The journal is also much interested in pushing into new terrain the study of the interaction of legal systems or legal orders in such contexts as the following examples: constitutional law theory on the reception of various forms of external law by states’ legal orders; jurisdictional theory on the external projection of states’ legal order; public law theory on the evolution of regional legal orders such as that of the EU; theorisation of law as ‘global’ in contradistinction to law as either international or transnational; and processoriented approaches to policy formation, decision-making, and operationalisation of law, from transjurisdictional litigation to delocalised arbitration to multi-level governance. Importantly, it should be emphasised here that the journal’s mandate is ecumenical in an important sense, namely in that the work of the journal is not governed by any specific definition of ‘transnational’. Most particularly, ‘transnational legal theory’ need not be understood as synonymous with theories of or about something to be called ‘transnational law’. Indeed, contributors are in no sense expected to accept the existence and/or desirability of a form or forms of law best styled ‘transnational law’ and are further welcome to critique such conceptions.

There is another sense in which the journal is pluralistically minded. The ‘legal theory’ of Transnational Legal Theory is understood broadly to encompass a variety of inter- and sub-disciplinary theoretical approaches to law or to law-like normativity, including, to name only some, philosophy of law, legal sociology, legal history, law and economics, international relations theory, and political and moral theory. It further includes the best of what one might call doctrinal-theoretical explorations of subject-matter fields commonly understood by field insiders as transnational in some meaningful sense (fields such as commercial arbitration law, maritime law or law of the internet)—on condition that readers be able to distill important general lessons from the article on the shape of law outside the confines of purely state-law or interstate-law assumptions. Such it is that, as Convening Editor, I approach ‘transnational legal theory’ as une salle polyvalente (a wonderful term I first came across 15 years ago as signage on community centres throughout southern France). To push the metaphor somewhat inelegantly, Transnational Legal Theory is an edifice still at the planning stages and, in the spirit of the networked epistemologies of the contemporary world, I invite everyone to join in as co-architect.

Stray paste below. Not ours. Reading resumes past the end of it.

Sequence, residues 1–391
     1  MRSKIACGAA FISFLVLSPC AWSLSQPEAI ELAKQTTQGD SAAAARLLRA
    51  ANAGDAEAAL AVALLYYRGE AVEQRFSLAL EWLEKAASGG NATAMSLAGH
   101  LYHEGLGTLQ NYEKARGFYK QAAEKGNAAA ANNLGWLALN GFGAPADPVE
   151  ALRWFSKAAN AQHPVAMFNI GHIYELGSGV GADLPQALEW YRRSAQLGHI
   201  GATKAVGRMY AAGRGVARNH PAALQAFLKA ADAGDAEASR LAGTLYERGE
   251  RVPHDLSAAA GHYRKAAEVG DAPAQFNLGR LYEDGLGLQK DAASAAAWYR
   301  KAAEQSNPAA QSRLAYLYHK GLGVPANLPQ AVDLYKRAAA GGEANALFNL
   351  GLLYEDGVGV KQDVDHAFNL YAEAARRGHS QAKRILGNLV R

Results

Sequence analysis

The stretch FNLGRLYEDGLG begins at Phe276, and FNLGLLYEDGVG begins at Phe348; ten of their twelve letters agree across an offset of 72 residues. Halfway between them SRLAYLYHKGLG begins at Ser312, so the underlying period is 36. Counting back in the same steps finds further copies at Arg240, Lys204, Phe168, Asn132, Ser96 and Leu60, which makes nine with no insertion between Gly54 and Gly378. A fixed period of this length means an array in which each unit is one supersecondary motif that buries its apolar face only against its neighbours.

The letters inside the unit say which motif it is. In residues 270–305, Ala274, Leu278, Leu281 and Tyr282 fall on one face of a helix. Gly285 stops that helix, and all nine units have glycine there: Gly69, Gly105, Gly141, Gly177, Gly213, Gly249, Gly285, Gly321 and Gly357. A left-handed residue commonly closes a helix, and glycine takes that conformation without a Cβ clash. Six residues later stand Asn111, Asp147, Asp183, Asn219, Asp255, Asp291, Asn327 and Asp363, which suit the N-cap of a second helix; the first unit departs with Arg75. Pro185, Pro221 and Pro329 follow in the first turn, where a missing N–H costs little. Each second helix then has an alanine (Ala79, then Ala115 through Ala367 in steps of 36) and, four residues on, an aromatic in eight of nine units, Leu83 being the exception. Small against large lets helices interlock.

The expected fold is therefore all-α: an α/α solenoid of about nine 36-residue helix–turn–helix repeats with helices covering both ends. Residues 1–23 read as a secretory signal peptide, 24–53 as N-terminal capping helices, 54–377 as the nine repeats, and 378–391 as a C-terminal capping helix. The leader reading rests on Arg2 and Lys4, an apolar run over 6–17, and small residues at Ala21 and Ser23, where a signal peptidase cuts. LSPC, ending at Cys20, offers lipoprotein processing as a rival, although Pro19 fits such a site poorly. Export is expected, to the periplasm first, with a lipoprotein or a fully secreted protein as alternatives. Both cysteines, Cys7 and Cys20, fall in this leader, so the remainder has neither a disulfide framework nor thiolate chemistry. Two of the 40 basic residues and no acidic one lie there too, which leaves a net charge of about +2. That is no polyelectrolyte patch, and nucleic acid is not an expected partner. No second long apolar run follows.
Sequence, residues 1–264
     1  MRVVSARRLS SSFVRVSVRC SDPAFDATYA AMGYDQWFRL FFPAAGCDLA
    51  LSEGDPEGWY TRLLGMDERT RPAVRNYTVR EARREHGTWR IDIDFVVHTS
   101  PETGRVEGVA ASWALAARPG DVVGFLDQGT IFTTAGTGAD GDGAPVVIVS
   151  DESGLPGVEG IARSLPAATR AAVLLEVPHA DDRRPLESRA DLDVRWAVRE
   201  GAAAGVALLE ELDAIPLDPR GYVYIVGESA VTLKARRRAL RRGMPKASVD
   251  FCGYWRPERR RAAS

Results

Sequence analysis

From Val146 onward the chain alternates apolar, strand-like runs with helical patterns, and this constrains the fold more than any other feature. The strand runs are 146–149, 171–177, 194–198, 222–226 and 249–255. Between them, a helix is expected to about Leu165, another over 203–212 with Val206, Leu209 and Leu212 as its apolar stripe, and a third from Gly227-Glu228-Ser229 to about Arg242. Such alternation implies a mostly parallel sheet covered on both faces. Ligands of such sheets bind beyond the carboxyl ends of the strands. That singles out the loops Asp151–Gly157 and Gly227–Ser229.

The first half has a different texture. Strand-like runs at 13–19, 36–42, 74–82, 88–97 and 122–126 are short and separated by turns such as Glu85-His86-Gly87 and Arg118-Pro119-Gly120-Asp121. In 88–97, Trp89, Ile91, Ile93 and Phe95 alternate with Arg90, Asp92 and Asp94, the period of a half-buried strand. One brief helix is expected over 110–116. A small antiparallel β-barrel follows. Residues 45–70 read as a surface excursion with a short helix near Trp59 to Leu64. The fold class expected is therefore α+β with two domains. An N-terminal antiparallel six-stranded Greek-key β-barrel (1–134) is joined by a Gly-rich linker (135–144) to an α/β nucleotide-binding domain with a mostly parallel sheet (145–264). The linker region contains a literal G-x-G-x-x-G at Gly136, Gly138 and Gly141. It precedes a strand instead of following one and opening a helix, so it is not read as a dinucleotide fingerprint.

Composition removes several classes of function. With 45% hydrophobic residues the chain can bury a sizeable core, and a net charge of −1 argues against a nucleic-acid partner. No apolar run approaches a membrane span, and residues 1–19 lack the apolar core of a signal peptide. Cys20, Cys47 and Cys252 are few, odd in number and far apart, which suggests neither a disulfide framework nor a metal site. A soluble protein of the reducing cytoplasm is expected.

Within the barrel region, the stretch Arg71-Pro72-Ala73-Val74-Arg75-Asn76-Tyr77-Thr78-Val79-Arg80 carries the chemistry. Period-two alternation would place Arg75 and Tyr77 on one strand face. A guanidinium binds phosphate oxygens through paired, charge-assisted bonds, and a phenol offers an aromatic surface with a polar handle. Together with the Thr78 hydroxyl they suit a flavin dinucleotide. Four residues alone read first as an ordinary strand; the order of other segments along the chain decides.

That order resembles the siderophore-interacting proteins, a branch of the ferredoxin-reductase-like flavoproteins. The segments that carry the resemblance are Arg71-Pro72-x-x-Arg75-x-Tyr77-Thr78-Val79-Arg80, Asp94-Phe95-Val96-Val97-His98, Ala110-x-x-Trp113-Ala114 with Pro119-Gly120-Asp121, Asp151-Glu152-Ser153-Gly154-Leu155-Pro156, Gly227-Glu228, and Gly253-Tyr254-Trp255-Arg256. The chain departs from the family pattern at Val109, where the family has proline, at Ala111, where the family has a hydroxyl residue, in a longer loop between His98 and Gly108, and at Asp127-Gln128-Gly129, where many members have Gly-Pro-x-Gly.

Craig Scott, Professor of Law,
Osgoode Hall Law School, Toronto

That second issue's contents include:


Transnational Legal Pluralism
Peer Zumbansen

Constitutional Tipping Points: Sustainable Constitutionalism in Theory and Practice
Victor V Ramraj

Global Corporate Social Responsibility, Human Rights and Law: An Interactive Regulatory Perspective on the Voluntary-Mandatory Dichotomy
Radu Mares


Framers and Problematisers: Getting to Grips with Global Governance
Roger Brownsword

Defining the Crime of Aggression
RA Duff

Citizenship and Injustice in Immigration
Colin Grey

An ‘Empire of Law’? Controlling Executive Power in a Worldwide Polity
Martin J Wiener